Arik Hesseldahl

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HP Names Kimberly Clark Exec as Its New CIO

Hot on the heels of winning a big ruling in its bitter legal fight with Oracle, Hewlett-Packard named a new chief information officer.

His name is Ramon F. Baez (this picture is from his Twitter feed) and he is the former CIO at Kimberly Clark, the consumer health products giant. He starts the new gig on Aug. 20 and will report to John Hinshaw, HP’s executive vice president, Global Technology and Business Processes.

HP Appoints Ramon F. Baez as Senior Vice President and Global Chief Information Officer

PALO ALTO, CA–(Marketwire -08/01/12)- HP (HPQ) today announced that Ramón F. Baez has been appointed to the position of senior vice president and global chief information officer, effective Aug. 20.

Baez will report to John Hinshaw, executive vice president, Global Technology and Business Processes, HP.

In this role, Baez will be responsible for the global information technology strategy and all of HP’s internal IT assets, including architecture, applications, data management, technology, telecommunication networks, and support and operations.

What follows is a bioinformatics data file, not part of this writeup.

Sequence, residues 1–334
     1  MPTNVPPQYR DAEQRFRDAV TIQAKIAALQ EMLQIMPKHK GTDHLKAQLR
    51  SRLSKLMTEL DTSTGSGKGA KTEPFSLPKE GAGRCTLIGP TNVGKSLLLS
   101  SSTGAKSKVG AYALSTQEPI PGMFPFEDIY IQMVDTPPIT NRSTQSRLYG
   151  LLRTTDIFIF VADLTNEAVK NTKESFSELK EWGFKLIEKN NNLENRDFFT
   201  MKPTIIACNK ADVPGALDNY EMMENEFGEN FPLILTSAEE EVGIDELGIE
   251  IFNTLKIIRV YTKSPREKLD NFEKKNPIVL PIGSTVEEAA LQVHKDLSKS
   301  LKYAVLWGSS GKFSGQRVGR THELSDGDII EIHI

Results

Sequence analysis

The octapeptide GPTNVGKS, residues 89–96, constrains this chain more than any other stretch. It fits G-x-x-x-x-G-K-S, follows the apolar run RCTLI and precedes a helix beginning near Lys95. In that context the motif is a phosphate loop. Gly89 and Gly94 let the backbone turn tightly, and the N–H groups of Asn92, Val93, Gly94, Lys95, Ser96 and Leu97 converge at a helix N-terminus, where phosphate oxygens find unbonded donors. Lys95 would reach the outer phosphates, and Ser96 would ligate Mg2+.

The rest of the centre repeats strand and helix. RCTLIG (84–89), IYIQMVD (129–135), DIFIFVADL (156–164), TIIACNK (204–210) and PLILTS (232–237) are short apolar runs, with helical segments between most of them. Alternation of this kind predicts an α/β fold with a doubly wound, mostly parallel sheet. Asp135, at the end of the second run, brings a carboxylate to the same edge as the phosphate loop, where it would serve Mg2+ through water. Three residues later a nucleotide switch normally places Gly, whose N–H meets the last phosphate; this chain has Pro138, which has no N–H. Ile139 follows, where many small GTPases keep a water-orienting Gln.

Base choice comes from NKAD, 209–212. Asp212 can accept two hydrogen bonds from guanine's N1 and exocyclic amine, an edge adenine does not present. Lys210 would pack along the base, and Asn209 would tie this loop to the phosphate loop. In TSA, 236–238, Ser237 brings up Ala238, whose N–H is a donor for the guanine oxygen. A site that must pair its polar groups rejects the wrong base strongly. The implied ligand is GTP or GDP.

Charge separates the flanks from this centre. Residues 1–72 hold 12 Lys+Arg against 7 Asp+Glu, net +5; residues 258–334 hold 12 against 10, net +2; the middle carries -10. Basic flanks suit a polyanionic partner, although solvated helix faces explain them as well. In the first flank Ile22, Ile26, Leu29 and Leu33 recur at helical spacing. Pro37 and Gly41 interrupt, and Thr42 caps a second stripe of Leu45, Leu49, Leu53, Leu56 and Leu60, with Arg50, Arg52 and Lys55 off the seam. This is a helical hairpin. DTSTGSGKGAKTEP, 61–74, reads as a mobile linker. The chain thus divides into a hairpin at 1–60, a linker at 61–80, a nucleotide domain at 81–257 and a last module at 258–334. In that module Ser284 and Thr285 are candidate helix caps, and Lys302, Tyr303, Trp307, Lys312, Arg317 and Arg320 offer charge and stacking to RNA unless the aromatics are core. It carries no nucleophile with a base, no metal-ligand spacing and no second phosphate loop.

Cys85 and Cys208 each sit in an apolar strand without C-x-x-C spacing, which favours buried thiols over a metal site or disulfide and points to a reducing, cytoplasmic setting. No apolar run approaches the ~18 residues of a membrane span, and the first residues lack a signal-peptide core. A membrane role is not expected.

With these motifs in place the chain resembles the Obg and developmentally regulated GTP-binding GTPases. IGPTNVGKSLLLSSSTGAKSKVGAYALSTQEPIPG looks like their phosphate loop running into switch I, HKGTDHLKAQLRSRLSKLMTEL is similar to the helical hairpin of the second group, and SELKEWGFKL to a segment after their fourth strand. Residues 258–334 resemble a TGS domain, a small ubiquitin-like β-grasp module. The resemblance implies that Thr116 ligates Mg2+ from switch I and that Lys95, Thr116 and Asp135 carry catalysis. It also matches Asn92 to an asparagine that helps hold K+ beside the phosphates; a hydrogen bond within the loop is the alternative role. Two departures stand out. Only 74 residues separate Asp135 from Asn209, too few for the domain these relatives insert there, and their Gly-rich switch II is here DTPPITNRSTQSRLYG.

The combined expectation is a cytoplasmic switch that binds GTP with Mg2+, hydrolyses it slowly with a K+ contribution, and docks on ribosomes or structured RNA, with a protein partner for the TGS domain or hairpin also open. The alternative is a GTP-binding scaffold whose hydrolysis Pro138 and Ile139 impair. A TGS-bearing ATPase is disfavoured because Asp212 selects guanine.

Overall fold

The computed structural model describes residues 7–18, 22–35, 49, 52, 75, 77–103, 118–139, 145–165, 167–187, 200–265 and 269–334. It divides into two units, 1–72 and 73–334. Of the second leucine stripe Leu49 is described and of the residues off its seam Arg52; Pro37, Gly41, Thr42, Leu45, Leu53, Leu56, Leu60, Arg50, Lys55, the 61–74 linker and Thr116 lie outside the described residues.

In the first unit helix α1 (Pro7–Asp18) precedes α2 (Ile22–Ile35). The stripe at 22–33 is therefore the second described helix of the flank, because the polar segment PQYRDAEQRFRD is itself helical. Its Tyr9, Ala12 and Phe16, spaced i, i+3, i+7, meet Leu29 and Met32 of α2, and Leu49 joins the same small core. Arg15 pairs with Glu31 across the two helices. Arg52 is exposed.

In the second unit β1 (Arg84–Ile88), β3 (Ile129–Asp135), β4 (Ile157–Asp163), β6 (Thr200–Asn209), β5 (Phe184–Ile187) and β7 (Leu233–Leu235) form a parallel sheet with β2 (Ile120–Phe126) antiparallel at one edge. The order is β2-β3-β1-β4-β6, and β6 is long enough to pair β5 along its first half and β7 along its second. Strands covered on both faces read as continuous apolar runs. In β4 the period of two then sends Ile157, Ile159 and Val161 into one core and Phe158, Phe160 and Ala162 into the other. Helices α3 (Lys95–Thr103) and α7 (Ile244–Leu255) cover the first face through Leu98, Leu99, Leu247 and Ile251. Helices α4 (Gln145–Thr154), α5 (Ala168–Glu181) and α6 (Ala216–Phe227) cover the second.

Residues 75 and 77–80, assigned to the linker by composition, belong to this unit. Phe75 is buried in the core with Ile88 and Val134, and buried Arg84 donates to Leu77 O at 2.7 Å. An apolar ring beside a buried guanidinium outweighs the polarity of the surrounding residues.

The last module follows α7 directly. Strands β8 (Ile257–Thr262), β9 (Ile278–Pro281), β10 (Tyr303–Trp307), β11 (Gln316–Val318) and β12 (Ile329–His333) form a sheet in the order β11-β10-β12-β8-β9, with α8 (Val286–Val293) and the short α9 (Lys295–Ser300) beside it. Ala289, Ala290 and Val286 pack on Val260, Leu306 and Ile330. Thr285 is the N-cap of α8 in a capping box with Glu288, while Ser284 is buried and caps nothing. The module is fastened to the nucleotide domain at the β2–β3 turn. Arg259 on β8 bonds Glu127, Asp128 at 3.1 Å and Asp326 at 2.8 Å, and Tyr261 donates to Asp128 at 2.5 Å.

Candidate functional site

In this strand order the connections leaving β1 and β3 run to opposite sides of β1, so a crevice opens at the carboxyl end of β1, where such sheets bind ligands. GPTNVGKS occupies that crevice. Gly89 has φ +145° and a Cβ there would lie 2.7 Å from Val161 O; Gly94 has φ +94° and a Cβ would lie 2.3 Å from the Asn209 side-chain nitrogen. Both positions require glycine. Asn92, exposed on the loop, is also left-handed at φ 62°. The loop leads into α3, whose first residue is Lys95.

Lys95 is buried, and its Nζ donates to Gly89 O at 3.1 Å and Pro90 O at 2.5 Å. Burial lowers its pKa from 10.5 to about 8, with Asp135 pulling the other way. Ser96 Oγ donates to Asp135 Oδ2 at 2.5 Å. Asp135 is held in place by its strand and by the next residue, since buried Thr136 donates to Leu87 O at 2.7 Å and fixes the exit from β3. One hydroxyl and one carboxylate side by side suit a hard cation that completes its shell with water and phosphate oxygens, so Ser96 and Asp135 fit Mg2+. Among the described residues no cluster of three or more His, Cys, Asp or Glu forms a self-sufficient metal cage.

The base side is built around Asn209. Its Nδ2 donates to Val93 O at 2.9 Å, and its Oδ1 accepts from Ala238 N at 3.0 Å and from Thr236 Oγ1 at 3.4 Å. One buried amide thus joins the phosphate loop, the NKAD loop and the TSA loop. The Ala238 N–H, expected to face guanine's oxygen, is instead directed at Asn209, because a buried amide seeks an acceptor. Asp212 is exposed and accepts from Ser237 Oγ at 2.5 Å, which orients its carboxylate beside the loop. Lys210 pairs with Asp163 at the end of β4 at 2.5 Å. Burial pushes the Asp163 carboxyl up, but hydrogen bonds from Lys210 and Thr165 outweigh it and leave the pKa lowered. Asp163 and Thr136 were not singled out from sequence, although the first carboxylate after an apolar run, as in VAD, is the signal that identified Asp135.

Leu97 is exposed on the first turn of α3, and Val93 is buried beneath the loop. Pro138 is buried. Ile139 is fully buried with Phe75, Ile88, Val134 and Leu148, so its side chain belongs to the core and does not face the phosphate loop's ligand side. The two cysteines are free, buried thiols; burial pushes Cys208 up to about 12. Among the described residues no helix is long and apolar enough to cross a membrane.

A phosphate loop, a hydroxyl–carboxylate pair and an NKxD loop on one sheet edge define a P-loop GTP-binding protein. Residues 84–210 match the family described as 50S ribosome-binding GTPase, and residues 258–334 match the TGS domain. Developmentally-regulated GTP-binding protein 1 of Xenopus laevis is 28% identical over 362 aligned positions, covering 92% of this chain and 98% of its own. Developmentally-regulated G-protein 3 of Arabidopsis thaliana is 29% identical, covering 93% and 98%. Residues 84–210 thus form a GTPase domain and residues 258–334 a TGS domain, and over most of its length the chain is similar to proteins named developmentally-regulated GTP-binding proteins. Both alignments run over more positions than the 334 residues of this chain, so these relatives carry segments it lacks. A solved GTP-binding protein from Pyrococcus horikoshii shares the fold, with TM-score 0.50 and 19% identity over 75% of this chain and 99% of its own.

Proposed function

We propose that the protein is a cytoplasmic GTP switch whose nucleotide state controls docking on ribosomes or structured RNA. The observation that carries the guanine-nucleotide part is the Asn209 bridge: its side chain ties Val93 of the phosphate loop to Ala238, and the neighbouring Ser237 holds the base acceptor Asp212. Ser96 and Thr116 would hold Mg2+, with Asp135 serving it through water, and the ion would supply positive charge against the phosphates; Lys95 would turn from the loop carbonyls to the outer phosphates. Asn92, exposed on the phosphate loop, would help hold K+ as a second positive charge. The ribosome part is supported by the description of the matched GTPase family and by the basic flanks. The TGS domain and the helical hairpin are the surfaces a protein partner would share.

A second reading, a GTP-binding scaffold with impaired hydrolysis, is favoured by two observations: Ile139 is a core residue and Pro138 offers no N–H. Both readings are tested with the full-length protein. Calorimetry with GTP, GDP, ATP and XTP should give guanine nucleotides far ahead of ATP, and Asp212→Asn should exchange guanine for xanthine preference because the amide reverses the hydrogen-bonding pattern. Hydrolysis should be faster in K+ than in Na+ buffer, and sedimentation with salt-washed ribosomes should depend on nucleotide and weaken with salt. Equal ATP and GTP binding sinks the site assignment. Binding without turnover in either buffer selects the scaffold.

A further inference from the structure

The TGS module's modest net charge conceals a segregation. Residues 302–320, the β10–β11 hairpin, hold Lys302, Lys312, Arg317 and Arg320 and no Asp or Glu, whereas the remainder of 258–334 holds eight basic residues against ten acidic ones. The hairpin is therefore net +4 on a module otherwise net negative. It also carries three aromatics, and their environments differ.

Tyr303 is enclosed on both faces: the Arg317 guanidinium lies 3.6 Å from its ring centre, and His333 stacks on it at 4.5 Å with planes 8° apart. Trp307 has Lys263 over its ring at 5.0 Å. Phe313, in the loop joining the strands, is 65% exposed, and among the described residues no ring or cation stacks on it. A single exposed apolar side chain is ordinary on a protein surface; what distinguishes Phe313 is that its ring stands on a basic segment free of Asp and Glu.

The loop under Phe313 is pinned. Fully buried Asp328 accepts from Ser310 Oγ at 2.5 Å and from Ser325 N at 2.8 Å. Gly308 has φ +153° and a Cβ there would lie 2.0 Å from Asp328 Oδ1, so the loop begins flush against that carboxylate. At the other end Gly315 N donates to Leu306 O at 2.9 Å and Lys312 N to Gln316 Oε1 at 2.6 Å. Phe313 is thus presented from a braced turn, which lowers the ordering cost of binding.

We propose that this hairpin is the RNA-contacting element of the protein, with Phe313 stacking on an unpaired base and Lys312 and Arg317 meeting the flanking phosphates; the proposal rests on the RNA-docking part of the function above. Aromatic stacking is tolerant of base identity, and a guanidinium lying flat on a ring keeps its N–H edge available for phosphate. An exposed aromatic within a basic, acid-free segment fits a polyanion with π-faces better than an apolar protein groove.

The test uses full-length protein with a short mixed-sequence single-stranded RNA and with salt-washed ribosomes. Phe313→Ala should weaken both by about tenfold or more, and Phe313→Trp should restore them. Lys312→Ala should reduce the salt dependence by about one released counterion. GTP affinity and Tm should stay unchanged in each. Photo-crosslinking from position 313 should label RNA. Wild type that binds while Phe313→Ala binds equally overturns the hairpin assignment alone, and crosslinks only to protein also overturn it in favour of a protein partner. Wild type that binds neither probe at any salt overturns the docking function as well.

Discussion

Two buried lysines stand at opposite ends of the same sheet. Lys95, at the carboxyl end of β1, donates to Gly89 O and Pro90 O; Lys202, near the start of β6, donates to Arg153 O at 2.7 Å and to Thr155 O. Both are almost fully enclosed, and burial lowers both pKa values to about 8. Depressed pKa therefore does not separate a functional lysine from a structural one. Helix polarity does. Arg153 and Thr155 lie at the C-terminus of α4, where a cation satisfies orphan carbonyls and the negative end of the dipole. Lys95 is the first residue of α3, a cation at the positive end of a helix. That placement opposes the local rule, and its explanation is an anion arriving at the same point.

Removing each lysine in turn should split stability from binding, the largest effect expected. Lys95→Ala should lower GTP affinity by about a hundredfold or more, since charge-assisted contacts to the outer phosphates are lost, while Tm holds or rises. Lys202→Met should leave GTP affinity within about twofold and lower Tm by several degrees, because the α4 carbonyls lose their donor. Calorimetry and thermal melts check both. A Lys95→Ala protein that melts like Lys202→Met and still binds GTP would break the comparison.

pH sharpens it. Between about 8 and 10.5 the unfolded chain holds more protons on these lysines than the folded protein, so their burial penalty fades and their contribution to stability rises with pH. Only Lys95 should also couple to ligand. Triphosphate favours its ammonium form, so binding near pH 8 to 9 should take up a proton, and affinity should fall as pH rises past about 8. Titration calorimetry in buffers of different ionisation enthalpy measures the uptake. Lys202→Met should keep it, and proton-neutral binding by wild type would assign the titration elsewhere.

“Ramón brings a vast amount of experience and leadership to HP,” said Hinshaw. “As a skilled veteran who will truly transform IT for HP by helping to remove complexities and drive efficiencies, his No. 1 focus will be to enable a better experience for our customers, partners and employees.”

Baez was most recently vice president of Information Technology Services and chief information officer at Kimberly-Clark Corp. In this role, Baez was responsible for leading Kimberly-Clark’s enterprisewide information systems initiatives.

Prior to joining Kimberly-Clark, Baez served as chief information officer for Thermo Fisher Scientific, Inc., a manufacturer and distributor of instruments, supplies and services to the scientific research and healthcare markets. He also previously served as chief information officer and vice president of Information Technology for the Automation and Control Solutions group at Honeywell International. Before that, he spent 25 years at Northrop Grumman Corp., where he rose to the level of chief information officer for its Electronic Systems Sensors sector.

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Just as the atom bomb was the weapon that was supposed to render war obsolete, the Internet seems like capitalism’s ultimate feat of self-destructive genius, an economic doomsday device rendering it impossible for anyone to ever make a profit off anything again. It’s especially hopeless for those whose work is easily digitized and accessed free of charge.

— Author Tim Kreider on not getting paid for one’s work